Luc Besson’s overstuffed CGI sci-fi extravaganza borrows wildly from, it seems, every other space opera ever made. It opens July 21 in Seattle. Rating: 1 star out of 4.
We’re all familiar with the Guardians of the Galaxy: engaging rogues with spaceships and wisecracks. Now meet Valerian (Dane DeHaan) and Laureline (Cara Delevingne): the dullest couple in the universe.
Derived from a series of French graphic novels that originated in the late 1960s, they’re the central figures in “Valerian and the City of a Thousand Planets,” writer-director Luc Besson’s overstuffed CGI sci-fi extravaganza that borrows wildly from, it seems, every other space opera ever made.
I mean, didn’t we just see that spaceship battle in “Guardians of the Galaxy”? We did! And that crowded futuristic city street scene in “Blade Runner”? Yep. And hey! Is that the “Star Wars” Millennium Falcon blasting by overhead? Certainly looks like it.
Movie Review ★
‘Valerian and the City of a Thousand Planets,’ with Dane DeHaan, Cara Delevingne, Clive Owen, Rihanna, Herbie Hancock. Written and directed by Luc Besson. 137 minutes. Rated PG-13 for sci-fi violence and action, suggestive material and brief language. Several theaters.
Once upon a time, Besson showed a certain flair for this sort of thing with his “Fifth Element,” back in 1997. It’s full of eye-popping special effects and an anarchic energy, thanks largely to an out-of-control performance by Chris Tucker.
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But that was 20 years ago, and, in the two decades since, this particular vein has been strip-mined by many others. Now, with “Valerian,” Besson has built his movie around a core couple that has what amounts to negative chemistry.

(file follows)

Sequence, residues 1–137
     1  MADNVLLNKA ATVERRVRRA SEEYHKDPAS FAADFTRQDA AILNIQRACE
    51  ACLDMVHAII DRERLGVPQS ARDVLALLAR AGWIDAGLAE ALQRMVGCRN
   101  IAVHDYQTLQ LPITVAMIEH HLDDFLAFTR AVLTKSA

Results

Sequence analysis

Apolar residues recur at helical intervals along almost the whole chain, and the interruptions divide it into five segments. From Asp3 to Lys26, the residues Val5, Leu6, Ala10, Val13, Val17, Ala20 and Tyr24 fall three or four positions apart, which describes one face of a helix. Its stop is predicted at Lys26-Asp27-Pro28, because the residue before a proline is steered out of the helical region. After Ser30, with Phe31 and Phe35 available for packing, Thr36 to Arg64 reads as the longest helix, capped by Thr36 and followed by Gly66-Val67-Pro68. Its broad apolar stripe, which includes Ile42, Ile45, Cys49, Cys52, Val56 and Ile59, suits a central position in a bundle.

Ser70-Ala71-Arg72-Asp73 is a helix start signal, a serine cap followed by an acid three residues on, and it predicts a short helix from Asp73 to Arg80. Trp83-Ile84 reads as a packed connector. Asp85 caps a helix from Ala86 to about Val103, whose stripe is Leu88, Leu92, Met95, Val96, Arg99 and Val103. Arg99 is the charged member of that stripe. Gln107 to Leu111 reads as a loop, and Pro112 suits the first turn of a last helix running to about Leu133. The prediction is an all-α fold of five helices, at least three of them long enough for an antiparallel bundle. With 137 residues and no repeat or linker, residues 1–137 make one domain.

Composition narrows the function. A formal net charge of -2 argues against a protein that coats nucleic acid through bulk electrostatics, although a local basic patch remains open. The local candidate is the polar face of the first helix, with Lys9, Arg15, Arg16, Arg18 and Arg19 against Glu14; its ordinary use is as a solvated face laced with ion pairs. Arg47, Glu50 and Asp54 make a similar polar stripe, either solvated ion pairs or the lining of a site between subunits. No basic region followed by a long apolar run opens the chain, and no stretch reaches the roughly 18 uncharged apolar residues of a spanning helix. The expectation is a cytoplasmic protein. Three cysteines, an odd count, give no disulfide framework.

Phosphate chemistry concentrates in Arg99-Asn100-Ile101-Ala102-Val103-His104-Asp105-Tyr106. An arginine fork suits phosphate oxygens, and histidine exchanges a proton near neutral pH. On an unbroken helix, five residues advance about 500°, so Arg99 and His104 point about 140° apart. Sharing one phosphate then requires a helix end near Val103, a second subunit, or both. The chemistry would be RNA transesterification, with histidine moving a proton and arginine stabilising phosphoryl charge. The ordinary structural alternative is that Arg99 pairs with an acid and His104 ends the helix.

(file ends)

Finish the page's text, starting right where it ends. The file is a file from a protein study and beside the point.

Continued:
DeHaan turns Valerian, a major in the human army of the future’s United Federation (thank you, “Star Trek”), into a dullard who is supposedly in love with his fellow soldier Laureline, but whose declarations of love have all the passion of someone reciting the ingredients on a cereal box. As for Delevingne, she goes through the picture wearing an expression that seems stuck somewhere between disapproval of and boredom with the wishy-washy Valerian. She’s so inexpressive you get the sense she’s rummaging around in her mind trying to figure out how to play a scene, and coming up empty.
Together they crash through (often literally) the pricey CG sets fighting alien evildoers and human bad guys trying to get their mitts/tentacles/claws/whatever on a living artifact from a destroyed planet that may help resurrect the devastated world.
Or something like that.
Along the way they encounter a bad-guy general (played by a jowly, abrasive Clive Owen in a uniform that looks like it’s made of nubby green cardboard) and a glowing blue alien shape-shifter (Rihanna, with a nice smile and many changes of outfits).
Yes, there is absolutely nothing new under the many suns in Besson’s universe. This is a voyage not worth taking.